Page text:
240.86 always applies when fault current is being injected between two devices using a series rating.

My point is the magnitude of the injected current varies throughout the system.

At your fault point, how much current is breaker 1 interrupting (only the utility). How much is breaker 2 interrupting (only the back feed from the motors). Current is not being injected between these two breakers.

Ok. Assume their is fault load side of bkr #4 and bkr#4 is series rated with bkr #2, bkr#4 is series rated with bkr#7.

Bkr#4 line side would have current injected from utility + motors.

So then bkr #4 cannot be series rated with bkr#2 and bkr#7?
 

jim dungar

Moderator
Staff member
Location
Wisconsin
Occupation
Retired Electrical Engineer - Power Systems
Do the math. I assume you have the data.
What currents are flowing from where? How much current is allowed per 240.86?

Just because a series rating is not possible on one part of a circuit does not mean a different series rating is not possible on a different combination of devices.
Series ratings can not be cascaded and are usually limited to two devices. Manufacturers of multi-metering equipment often have series rating for three devices, have you checked any of their application notes?
 

hhsting

Senior Member
Do the math. I assume you have the data.
What currents are flowing from where? How much current is allowed per 240.86?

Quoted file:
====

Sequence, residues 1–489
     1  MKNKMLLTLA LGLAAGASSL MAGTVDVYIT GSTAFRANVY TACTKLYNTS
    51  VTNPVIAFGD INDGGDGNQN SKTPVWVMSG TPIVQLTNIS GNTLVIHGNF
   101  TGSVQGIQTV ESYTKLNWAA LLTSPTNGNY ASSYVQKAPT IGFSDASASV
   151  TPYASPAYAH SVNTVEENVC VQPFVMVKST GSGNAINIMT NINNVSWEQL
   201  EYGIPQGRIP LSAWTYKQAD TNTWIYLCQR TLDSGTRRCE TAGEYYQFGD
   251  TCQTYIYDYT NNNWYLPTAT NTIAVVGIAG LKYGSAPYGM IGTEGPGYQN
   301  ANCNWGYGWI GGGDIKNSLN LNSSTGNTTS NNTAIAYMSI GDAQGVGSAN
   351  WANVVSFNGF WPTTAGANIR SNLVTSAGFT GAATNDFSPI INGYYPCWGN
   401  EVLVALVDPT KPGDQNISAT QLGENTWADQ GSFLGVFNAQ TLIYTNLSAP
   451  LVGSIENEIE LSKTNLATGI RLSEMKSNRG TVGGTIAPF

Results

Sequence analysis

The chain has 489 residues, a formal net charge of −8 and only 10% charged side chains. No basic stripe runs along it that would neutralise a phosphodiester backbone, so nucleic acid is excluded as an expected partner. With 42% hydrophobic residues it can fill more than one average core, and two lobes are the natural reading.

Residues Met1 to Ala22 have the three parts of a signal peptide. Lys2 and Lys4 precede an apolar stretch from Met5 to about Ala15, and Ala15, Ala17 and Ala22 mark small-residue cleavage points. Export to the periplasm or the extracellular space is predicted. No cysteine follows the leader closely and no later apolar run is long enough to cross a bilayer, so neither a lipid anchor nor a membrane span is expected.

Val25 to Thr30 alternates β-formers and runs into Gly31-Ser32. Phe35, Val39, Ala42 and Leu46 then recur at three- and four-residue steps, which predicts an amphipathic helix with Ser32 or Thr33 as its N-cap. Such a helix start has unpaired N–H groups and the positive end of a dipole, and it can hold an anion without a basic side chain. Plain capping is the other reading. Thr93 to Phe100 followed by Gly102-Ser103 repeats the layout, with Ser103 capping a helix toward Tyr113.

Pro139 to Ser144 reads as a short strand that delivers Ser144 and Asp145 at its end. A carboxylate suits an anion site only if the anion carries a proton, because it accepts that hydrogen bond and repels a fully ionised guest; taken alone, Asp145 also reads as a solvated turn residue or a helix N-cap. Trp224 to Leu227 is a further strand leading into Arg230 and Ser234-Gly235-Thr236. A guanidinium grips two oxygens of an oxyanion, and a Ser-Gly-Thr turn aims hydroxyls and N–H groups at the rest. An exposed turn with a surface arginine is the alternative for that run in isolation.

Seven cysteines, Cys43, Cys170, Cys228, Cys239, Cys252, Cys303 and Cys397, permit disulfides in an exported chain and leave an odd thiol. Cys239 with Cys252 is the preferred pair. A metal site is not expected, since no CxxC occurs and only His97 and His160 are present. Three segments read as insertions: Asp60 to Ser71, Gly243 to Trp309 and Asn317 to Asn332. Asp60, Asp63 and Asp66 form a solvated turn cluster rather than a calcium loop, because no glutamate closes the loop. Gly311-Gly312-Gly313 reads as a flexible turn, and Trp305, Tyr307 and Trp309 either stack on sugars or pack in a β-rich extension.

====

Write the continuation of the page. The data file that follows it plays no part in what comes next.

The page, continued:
Just because a series rating is not possible on one part of a circuit does not mean a different series rating is not possible on a different combination of devices.
Series ratings can not be cascaded and are usually limited to two devices. Manufacturers of multi-metering equipment often have series rating for three devices, have you checked any of their application notes?
Ok now designer is saying its meter stacks with feeder breakers. Yes it is multimeter equipment i.e meter stack with series rating three. Please see attached sketch.

Bkr#2 is series rated with bkrs #3 to bkrs #24.

Each if the meter stacks bkrs #3 to bkrs #24 are series rated with downstream breakers. So bkr #3 is series rated with bkr #25, bkr#4 is series rated with bkr #26 and so forth.

Please see attached sketch has Fault locations #1,#2,#3. Assume each if these location 240.86(C) has FLA of motors greater than 1%.


Can you have three series rating devices then and be compliance with 240.86(C) at the fault locations given in attached sketch? Can you please explain further. I really need help in this